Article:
Having an interest in history, particularly of medieval & Early English/British eras, I found this recent announcement and news item particularly noteworthy.
Our royalty spanning over a thousand years has produced some interesting and colourful characters. One such monarch is King Richard III 1452-1485 (his reign as King 1483-1485).
He was vilified as a cruel King, Shakespeare portrayed Richard III as a hunchbacked tyrant and murderer of rivals but modern historians argue that the king was the victim of Tudor propaganda. He lived in violent uncertain times.
King Richard III – Revealed
His brief reign from 1483 saw liberal reforms, including the introduction of the right to bail and the lifting of restrictions on books and printing presses.
Now Richard III is revealed at last after the remains of a near complete skeleton, excavated in September 2012, by archeologists from underneath a social services car park in Leicester.
The car park was built on part of the remains of Greyfriars Church. Researchers said they had concluded “beyond reasonable doubt” that the skeleton, which showed evidence of an abnormal lateral curvature of the spine, was the monarch King Richard III.
The skeleton, with severe trauma to the skull, was unearthed on the first day of a three-week dig at the site of what is believed to have been the choir of the church.
Historical records show the long-lost church was the burial site of the monarch, following his brutal death at the battle of Bosworth Field in 1485.
The remains were found at depth of 68 cm and in good condition, with the feet missing, The hands were crossed over the front of the pelvis. No remnants of a coffin or shroud were found.
The king’s remains will now be reinterred at Leicester Cathedral, the nearest consecrated ground, in keeping with archaeological practice.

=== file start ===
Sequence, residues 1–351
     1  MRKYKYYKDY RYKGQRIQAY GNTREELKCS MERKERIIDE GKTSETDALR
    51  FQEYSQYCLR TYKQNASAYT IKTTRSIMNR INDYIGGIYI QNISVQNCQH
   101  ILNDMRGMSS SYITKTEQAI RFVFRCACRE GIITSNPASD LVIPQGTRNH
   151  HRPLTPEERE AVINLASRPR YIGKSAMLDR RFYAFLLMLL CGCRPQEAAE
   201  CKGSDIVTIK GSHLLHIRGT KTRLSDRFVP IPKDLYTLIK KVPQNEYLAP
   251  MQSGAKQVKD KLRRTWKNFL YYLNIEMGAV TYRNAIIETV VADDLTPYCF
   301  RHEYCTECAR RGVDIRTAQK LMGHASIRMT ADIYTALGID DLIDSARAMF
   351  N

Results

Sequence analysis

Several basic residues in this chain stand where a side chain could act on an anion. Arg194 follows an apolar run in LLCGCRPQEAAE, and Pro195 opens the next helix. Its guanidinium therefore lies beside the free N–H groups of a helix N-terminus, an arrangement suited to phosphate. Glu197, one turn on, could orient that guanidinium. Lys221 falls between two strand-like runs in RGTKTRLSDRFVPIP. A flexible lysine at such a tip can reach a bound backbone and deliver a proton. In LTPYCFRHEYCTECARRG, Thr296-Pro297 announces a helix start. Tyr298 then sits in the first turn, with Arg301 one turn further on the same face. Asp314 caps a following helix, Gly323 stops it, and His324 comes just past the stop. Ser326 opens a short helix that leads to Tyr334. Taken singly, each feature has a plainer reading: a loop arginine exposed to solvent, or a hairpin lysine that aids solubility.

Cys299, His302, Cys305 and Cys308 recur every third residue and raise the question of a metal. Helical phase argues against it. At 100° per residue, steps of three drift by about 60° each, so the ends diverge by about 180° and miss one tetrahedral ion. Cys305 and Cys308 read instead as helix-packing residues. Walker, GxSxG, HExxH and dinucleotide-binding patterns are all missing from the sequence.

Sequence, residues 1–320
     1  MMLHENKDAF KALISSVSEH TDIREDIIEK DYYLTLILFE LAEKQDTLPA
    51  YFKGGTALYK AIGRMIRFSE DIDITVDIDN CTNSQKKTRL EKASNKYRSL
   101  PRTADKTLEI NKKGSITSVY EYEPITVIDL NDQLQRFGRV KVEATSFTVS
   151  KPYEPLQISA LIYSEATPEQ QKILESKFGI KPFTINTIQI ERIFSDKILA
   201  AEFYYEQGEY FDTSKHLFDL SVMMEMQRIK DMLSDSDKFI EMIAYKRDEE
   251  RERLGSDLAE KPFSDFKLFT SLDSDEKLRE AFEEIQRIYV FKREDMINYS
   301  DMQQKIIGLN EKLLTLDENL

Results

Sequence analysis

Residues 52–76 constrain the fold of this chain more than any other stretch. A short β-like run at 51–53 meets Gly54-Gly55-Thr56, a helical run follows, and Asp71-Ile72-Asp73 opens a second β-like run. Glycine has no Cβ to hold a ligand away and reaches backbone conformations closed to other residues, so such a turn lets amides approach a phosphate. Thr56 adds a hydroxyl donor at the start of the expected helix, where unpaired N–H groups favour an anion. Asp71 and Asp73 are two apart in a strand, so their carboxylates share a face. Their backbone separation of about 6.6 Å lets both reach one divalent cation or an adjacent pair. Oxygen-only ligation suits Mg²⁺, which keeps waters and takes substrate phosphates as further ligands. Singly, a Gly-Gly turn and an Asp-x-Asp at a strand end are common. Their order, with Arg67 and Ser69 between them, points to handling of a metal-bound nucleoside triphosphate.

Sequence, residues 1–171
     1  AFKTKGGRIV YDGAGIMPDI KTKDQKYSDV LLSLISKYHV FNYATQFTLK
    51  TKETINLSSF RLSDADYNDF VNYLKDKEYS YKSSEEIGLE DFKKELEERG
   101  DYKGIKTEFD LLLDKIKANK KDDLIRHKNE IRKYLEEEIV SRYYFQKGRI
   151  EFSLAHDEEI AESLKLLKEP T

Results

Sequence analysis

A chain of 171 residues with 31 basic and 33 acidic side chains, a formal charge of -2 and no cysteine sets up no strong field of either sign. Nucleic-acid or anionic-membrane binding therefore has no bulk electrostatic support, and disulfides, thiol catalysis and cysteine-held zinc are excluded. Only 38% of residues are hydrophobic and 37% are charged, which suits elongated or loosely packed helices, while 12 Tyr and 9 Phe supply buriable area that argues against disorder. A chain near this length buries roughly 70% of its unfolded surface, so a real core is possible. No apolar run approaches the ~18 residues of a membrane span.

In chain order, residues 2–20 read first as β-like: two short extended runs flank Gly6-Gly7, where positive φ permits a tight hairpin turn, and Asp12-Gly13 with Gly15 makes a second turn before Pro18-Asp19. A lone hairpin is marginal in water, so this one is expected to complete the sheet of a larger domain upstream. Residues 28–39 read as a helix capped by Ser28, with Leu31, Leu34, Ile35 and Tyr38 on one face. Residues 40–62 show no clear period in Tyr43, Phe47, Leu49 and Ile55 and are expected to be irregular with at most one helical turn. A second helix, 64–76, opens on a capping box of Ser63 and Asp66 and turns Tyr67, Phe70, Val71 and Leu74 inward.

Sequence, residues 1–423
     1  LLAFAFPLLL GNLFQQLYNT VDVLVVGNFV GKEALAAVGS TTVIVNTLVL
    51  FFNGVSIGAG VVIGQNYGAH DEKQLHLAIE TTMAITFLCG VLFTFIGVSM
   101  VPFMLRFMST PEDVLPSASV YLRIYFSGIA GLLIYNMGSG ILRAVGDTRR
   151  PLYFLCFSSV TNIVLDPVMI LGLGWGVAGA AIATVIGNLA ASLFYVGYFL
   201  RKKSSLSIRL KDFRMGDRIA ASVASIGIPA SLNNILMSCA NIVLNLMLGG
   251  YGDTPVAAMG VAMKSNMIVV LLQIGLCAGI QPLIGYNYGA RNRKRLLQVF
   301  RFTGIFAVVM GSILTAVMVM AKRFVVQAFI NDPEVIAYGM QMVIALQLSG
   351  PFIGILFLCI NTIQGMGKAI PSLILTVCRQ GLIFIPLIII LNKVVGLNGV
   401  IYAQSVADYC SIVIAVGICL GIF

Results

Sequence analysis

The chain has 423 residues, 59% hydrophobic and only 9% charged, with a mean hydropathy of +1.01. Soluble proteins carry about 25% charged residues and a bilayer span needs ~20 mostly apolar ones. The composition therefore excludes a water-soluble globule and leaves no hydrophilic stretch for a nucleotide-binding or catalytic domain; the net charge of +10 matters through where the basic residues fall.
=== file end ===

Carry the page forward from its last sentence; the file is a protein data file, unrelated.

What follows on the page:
After the discovery, a row between Leicester and York developed, which claims King Richard III should be buried in York according to his own wishes.
Kersten England, chief executive of City of York Council, said: “His self-identification with the north and York is reflected in his plans for a chantry of 100 priests in York Minster where he wished to be buried.
“That the burial site of this Yorkist king was determined by where he died from battle wounds makes the importance of adhering to his own wishes for his final resting place most important.
“City of York Council and all its political leaders are united in the belief that York is the most fitting burial place for Richard III, one of the city’s most famous and cherished sons.”
City of York Council will now write a letter to the Ministry of Justice stating its case.
Now the face of King Richard III has been unveiled to the world. Facial reconstruction of the monarch has been released by the Richard III Society after it was confirmed
The image is based on a CT scan taken by experts at the University of Leicester, who discovered the king’s skeleton during the archaeological dig.
The facial reconstruction was unveiled at The Society of Antiquaries at Burlington House in Piccadilly, London.
DNA samples from Michael Ibsen – a Canadian-born furniture maker who is a direct descendant of Richard’s sister, Anne of York – provided further proof.
Richard III was the last Plantagenet and Yorkist monarch later defeated by Henry Tudor, who became Henry VII, father of the famous King Henry VIII.